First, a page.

Laura starts out by sharing this bit of information, that I agree is crucial for survivors to understand.
A healthy person has an instinct to get away from something dangerous. Sometimes, even healthy emotions may appear negative at first glance.
Revulsion, for example. Who likes the idea of revulsion? But it can help us avoid, or escape, a revolting person or horrible circumstance.
Peck calls both the instinct to flee and these emotions “God-given and saving early-warning radar systems.”
Peck’s footnote says that when a child is raised in a dangerous home, that child is prevented from developing that early-warning system, or that over time, the enforced proximity to that danger destroys any pre-existing saving response.
She then goes on to share 4 ways people become “keepers of the lie”, and I think much of the reason for the group that becomes keepers by suspecting and not acting has to do with the same sort of response. People who actually do develop these self-defense mechanisms, don’t want to think about, hear about, or know about something like sexual abuse. They have a built-in desire to get away from the thought. Thus, it’s easier to talk ourselves out of it being possible than it is to acknowledge it.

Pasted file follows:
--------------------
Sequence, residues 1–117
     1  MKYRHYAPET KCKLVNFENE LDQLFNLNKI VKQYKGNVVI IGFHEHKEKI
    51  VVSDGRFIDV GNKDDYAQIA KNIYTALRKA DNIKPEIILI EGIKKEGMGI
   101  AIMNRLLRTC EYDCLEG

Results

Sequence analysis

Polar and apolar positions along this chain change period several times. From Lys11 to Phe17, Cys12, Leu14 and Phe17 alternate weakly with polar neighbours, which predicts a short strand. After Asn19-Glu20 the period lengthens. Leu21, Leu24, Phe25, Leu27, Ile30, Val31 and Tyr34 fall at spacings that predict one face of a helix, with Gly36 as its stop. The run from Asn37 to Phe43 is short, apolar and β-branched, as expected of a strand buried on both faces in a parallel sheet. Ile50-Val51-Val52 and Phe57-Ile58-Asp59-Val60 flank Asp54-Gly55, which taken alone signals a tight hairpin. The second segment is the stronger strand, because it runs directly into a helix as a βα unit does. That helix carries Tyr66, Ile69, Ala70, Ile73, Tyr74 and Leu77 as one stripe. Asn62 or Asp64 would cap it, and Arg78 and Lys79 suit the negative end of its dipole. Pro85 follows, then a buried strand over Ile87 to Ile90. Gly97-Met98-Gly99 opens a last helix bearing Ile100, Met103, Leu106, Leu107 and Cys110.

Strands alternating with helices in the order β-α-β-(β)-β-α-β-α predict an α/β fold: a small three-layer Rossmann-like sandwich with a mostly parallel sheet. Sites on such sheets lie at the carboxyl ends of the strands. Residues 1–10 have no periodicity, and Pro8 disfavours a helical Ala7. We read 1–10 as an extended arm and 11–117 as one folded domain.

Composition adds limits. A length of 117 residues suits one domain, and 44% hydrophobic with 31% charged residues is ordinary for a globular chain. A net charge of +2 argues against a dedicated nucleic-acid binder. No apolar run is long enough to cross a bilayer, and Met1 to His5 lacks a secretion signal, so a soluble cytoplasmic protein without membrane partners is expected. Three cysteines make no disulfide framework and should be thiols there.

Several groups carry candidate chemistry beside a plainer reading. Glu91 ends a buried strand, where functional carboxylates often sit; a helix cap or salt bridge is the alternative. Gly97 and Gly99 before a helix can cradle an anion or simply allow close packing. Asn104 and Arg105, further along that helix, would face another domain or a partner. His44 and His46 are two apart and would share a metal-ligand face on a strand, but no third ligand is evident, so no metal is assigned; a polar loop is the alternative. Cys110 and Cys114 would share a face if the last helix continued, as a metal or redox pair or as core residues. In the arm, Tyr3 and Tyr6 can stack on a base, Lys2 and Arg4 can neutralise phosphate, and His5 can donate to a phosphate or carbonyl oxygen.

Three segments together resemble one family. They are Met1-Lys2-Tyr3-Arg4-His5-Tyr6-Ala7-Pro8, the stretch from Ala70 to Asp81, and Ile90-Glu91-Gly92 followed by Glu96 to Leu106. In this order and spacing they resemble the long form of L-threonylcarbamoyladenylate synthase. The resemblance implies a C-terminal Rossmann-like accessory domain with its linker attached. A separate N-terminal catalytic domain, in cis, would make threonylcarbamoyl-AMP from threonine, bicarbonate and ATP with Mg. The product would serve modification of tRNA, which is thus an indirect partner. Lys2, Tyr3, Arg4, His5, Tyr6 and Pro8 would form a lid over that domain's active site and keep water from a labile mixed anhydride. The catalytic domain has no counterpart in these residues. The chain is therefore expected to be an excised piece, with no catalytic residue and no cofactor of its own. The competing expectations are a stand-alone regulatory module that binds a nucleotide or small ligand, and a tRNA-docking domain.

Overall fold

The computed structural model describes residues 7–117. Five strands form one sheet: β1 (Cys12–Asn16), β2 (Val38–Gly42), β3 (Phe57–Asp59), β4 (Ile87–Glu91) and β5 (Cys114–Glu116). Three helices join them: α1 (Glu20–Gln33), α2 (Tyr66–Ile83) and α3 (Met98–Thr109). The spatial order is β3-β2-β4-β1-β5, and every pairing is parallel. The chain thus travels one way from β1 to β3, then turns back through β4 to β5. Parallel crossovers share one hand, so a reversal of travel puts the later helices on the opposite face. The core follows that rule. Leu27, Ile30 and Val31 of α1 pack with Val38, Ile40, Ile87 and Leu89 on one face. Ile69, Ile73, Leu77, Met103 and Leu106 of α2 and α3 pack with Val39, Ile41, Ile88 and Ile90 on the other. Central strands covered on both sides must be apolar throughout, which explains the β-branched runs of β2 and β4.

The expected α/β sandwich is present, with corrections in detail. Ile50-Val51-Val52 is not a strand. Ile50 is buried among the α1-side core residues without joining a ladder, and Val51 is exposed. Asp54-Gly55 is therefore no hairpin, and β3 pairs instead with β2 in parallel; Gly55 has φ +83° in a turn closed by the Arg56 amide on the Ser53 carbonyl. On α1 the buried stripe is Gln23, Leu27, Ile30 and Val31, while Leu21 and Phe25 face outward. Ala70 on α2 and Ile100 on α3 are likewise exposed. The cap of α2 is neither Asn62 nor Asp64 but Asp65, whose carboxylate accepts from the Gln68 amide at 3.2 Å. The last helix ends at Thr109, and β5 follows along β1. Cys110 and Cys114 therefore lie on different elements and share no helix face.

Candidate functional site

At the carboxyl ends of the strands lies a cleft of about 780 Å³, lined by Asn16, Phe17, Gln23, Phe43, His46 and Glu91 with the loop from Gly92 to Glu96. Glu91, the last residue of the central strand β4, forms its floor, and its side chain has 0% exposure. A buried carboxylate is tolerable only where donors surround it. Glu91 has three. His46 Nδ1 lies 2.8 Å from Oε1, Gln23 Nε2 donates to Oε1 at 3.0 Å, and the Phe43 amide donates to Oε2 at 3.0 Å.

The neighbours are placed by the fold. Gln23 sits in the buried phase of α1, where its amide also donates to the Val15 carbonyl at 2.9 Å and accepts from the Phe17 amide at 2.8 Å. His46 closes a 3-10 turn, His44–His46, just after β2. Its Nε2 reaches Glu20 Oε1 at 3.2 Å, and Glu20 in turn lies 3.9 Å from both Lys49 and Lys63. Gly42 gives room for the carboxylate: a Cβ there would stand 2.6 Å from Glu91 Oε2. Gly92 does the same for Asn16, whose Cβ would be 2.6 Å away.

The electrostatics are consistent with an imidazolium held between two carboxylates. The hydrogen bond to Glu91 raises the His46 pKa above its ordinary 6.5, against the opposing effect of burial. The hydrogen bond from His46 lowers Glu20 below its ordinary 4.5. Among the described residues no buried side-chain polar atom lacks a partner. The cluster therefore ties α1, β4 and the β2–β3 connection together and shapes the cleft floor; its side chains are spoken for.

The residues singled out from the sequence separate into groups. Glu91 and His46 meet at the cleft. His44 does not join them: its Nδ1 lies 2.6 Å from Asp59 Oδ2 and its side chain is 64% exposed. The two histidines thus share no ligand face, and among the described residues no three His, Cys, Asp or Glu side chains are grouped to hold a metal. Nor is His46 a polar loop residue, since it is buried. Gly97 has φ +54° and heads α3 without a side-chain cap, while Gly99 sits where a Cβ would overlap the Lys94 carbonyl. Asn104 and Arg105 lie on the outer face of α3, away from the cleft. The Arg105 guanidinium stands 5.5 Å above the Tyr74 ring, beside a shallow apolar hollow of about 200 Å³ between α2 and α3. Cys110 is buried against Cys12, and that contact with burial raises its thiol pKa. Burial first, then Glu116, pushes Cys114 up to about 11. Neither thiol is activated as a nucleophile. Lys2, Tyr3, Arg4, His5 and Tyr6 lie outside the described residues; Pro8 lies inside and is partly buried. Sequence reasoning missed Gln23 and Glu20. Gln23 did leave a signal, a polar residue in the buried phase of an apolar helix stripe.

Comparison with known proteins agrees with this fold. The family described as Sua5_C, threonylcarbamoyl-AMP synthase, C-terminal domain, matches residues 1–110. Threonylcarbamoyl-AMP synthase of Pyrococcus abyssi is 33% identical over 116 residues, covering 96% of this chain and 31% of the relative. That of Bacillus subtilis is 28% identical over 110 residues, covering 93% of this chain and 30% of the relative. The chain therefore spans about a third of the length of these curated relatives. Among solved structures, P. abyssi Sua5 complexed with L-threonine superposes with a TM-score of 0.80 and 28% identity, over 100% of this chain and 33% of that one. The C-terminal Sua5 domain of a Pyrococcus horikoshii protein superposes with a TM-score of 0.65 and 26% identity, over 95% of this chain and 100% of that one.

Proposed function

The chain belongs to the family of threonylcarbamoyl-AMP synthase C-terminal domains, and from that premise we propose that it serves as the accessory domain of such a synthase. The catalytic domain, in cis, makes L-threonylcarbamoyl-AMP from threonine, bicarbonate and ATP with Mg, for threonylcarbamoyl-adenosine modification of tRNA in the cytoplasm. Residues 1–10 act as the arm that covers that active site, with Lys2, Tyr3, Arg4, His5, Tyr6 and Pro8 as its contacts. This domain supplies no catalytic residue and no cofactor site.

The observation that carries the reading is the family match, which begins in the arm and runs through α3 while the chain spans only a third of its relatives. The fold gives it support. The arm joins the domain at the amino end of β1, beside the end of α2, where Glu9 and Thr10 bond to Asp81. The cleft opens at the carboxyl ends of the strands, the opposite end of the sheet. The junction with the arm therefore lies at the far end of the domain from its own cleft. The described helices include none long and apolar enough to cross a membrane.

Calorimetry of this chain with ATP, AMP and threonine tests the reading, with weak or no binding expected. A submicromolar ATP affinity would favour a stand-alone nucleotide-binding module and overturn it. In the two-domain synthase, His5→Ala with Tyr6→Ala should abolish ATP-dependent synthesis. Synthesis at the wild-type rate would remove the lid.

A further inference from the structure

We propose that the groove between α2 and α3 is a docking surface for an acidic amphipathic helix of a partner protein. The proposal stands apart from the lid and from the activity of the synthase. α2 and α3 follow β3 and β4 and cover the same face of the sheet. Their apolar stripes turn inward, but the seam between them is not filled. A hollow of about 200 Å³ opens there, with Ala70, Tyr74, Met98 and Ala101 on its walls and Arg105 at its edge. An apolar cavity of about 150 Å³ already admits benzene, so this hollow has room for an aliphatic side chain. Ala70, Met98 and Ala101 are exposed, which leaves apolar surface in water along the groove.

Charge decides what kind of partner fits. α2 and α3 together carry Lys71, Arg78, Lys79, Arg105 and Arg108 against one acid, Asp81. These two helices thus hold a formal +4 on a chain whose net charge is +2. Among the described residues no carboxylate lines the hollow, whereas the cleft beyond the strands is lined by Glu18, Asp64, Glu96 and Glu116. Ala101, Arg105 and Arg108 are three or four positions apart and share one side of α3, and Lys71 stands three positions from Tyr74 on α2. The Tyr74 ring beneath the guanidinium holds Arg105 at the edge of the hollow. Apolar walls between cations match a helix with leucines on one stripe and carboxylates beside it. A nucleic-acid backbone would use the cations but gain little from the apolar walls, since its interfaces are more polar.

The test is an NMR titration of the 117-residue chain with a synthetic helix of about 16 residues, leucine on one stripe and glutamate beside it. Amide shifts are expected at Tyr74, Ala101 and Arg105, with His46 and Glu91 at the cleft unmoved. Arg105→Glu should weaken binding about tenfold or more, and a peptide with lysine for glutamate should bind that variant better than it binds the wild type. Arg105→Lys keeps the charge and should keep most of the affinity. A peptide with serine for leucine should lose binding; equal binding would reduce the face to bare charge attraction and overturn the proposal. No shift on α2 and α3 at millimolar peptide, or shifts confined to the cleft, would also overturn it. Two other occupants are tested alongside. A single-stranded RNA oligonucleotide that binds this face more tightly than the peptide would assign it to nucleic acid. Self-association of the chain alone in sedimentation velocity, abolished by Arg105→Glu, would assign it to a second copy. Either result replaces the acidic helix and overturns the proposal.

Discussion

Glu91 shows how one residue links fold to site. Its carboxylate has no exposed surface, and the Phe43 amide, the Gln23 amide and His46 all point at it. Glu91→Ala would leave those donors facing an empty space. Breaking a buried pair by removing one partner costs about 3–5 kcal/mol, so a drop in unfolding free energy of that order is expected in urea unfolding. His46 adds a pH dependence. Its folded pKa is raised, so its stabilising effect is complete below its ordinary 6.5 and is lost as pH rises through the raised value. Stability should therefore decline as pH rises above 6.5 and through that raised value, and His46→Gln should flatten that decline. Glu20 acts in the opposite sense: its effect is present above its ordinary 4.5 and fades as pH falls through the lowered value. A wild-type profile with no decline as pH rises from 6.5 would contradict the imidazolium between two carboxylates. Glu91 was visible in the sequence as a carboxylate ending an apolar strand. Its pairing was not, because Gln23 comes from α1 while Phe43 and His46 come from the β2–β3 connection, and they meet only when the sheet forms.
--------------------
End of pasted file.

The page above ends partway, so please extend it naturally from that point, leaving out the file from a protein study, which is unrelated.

That, again, may be instinctual on our part, but in this case, it’s an instinct we need to fight against if we want to prevent sexual abuse. We have to be aware of it, and raise the flag if we suspect it. We cannot succumb to our own emotional comfort.
Check out the other three types of keepers of the lie. It might help you start to appreciate how much holding on to a lie is hurting survivors.
Also, this article is the final article in a series that Laura wrote for the Ethics Daily site. The rest are linked below you may want to go read them all.